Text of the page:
“I know, I know,” Emily called back. She was already halfway out the door. “Bye, Mom! See you in the morning! Happy Halloween!”
Emily stepped outside. Dusk was falling, but it wasn’t quite dark yet. The youngest trick-or-treaters, itty-bitty ghosts, pumpkins, and princesses, were already getting started with their parents. Emily grinned when she saw them. This would be her first year trick-or-treating with her new friends—and no adults—and she couldn’t wait!
Emily paused for a moment and stared down the street. Walk to the corner, turn right, three houses down, she thought. Though Emily had only lived in Riverdale for a few weeks, she was pretty sure she had memorized the route to her new friend Abby’s house. But everything looked different in the evening. It was getting dark faster and faster, which made it hard to spot the familiar landmarks. Not to mention everyone who lived on Glenview Drive had done such an amazing job decorating their homes that they were almost unrecognizable. Gauzy cobwebs, flickering jack-o’-lanterns, and yards studded with fake tombstones were just the beginning. There were skeletons crawling out of the grass and a demon with glowing red eyes peering from behind a pine tree. Emily almost felt like she was walking around the set of a spooky movie instead of her new neighborhood.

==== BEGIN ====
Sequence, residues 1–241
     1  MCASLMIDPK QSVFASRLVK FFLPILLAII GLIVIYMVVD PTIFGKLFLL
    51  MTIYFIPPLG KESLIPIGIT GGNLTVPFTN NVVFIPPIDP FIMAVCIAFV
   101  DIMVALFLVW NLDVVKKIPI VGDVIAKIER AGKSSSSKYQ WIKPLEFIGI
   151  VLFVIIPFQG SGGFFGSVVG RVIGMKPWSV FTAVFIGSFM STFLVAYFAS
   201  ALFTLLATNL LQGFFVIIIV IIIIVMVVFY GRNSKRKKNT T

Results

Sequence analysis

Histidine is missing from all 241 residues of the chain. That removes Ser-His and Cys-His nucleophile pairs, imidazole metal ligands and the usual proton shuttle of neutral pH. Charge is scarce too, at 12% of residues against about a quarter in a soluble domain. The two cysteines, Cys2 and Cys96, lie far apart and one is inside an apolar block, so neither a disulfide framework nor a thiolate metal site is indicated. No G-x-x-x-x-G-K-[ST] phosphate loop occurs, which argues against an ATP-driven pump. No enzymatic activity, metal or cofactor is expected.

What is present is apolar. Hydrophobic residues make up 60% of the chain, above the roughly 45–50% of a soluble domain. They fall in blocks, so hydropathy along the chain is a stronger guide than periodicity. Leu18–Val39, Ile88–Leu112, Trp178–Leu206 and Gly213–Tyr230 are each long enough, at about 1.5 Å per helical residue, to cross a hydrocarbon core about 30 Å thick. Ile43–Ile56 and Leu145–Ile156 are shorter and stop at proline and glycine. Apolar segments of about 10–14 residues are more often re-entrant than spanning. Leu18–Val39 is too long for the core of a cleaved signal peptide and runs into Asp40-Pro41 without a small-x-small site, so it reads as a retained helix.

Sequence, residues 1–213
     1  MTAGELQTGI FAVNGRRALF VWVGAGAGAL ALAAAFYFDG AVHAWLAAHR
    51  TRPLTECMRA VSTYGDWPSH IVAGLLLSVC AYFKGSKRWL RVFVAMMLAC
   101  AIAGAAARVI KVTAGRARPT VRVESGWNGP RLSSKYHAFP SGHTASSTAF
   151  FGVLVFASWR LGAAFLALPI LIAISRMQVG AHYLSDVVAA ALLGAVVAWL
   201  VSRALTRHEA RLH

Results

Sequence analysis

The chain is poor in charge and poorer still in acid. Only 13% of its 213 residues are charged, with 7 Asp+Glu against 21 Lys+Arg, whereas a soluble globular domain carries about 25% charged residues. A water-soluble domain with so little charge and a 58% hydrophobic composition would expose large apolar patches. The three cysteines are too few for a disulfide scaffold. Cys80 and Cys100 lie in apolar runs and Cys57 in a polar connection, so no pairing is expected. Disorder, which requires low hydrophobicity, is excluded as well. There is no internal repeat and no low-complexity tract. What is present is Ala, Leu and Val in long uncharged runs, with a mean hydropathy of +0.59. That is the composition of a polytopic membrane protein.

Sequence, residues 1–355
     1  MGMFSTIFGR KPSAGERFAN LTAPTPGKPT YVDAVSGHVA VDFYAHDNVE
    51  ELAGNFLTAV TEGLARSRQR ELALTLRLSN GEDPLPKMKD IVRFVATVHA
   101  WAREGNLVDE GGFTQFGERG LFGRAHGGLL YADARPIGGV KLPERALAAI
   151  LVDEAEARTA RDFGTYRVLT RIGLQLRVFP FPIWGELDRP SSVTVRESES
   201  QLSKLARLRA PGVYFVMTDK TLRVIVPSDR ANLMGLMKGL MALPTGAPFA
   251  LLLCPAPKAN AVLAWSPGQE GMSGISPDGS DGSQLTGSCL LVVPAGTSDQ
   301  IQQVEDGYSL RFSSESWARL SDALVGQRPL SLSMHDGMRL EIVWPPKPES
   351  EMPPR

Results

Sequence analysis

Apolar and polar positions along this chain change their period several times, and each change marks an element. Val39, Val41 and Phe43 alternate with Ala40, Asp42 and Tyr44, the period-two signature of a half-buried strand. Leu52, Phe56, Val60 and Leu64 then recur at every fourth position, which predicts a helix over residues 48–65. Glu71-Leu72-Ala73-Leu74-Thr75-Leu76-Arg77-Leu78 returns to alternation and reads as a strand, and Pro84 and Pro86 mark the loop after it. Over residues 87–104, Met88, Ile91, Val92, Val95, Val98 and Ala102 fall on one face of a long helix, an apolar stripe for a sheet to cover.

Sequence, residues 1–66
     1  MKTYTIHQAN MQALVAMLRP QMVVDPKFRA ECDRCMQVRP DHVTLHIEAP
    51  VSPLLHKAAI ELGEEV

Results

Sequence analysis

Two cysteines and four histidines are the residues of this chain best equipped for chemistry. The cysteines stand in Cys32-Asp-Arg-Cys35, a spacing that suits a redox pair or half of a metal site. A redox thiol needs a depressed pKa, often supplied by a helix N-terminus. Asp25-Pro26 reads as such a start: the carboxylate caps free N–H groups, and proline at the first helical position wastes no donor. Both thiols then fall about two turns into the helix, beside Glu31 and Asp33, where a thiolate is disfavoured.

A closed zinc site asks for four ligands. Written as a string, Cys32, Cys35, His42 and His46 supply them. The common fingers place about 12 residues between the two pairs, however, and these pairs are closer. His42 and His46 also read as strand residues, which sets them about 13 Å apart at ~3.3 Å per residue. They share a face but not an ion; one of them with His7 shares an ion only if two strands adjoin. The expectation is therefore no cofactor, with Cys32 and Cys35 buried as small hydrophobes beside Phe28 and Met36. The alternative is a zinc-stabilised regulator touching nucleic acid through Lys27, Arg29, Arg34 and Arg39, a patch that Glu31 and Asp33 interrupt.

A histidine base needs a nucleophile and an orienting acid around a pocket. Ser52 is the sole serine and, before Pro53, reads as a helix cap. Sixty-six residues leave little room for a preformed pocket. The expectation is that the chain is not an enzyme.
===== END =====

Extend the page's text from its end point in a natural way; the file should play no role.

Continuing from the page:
Soon enough, though, Emily saw the green shutters of Abby’s house. Every window was blazing with light, and Abby’s mother was already in full witch costume, stirring a cauldron that was brimming with candy. Abby’s dog, Chester, barked at Emily in greeting.
“Something sweet, my dear?” Mrs. Miller cackled at Emily in a creaky, witchy voice. “I promise the candy’s not poisoned—only the apples!”
Emily grinned as she reached down to grab a miniature chocolate bar. “Thanks, Mrs. Miller,” she replied.
“I love your costume!” Mrs. Miller said. “An alien princess—how creative!”
Emily wanted to correct her—after all, she was an alien queen, not a princess—but she didn’t want to be rude. So instead, she said, “I started working on it back in August. Halloween is my favorite holiday ever!”
“You’re in good company, then,” Mrs. Miller replied. “Every year our neighborhood goes all out.”
“I can’t wait!” Emily replied. “Is Abby inside?”
“Yes, and Leah’s here too,” Mrs. Miller said. “They’re downstairs, putting on the finishing touches.”
“Thanks again for the candy,” Emily said before she stepped inside and walked over to the basement door. “Happy Halloween!” she called as she bounded down the stairs. “Hello?”
The basement was pitch-black, and no one answered Emily’s call.